Truax Field fulfills another chapter in Arizona Airman’s life

  • Published
  • By Airman 1st Class Cameron Lewis
  • 115th Fighter Wing Public Affairs

Truax Field has a great deal of military history; from being an Active Army Air Base in 1942, to being Truax Air Force Base from 1952 to 1967 and now being a part of the Wisconsin Air National Guard, there is a lot of monumental military culture to be found here.

For Senior Master Sgt. Oscar Torres, the fuels small section shop chief at the 162nd Fighter Wing in Tucson, Arizona, Truax Field happens to be a unique part of his family history.

With the opportunity to TDY to the Czech Republic or Madison, Torres chose Madison to see where his father began his Air Force enlistment and bring closure to his own 36 year Air Force career.

“My dad always talked about Madison, the people, the food, the culture, and how it is such a beautiful city,” said Torres. “When I got notified that I would be retiring I didn’t see any better fit and closure than to see what he had always talked about.”

Previously units would stay at Volk Field Air National Guard Base during the Northern Lightning Exercise but this year the 162nd was fortunate enough to stay at Truax Field.

“Arizona’s F-16 Fighting Falcons are here due to the amount of aircraft up at Volk Field this year,” said Senior Airman Ryan Kramer, a crew chief with the 115th Fighter Wing. “We have the space for them to stay here and it’s just as easy for them to fly up with our F-16s.”

While the 162nd was here as part of the Northern Lightning 18-2 Exercise that took place at Volk Field, Torres was still able to experience the city and some of the experiences his father had years ago.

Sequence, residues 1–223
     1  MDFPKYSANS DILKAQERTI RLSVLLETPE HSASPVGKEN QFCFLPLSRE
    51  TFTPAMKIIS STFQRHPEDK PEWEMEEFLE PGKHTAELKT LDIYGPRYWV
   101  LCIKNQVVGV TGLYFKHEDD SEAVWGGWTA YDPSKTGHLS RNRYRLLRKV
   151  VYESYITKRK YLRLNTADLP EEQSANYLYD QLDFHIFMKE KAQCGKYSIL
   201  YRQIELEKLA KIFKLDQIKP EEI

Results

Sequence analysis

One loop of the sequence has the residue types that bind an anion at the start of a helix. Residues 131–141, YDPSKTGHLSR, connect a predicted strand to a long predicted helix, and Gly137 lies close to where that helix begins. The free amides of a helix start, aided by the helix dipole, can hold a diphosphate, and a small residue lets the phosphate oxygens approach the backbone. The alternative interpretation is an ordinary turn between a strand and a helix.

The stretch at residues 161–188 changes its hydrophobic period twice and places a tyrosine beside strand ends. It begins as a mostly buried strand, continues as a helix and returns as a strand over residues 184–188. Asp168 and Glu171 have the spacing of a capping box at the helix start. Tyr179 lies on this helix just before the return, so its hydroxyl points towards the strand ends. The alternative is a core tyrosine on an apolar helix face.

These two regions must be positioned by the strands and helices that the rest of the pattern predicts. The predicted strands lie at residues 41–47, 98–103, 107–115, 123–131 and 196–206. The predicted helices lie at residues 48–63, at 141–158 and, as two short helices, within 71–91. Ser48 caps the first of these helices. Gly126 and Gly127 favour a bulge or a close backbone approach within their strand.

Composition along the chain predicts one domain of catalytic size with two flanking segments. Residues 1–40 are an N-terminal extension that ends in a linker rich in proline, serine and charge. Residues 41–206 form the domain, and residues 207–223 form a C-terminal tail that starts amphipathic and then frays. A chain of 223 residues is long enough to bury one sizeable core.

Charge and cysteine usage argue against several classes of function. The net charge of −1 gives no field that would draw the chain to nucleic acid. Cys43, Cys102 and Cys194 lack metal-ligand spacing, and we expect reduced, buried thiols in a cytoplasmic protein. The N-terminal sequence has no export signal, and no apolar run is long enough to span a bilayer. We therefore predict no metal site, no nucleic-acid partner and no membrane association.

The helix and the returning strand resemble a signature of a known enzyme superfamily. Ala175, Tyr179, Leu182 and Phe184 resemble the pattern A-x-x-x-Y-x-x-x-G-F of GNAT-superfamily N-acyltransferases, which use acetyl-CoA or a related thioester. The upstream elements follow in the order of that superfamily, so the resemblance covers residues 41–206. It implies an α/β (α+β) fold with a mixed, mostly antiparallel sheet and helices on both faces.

“My father had mentioned taking trips on the weekend to Chicago while he was based here, so my family and I had to take a little road trip to experience that as well,” Torres said. “We followed the footsteps of the past trying to do everything my father had, from Chicago Dogs to the famous Wisconsin cheese curds.”

With all the daily activities to do in Madison, Torres’ wife and son were able to come along for this unique family history experience and have plenty of entertainment during the duty day.

“My wife loved all the biking and running trails that you guys have around the lakes,” said Torres. “We will definitely be coming back here in the future.”

While getting out and seeing new places is always fun, tracing the steps of the past can be a life changing experience whether you have family in the military or not.

“I highly encourage any Airmen or guardsmen to take a step back and see where you come from,” said Torres. “You’ll learn a lot about yourself, your family, and the Air Force.”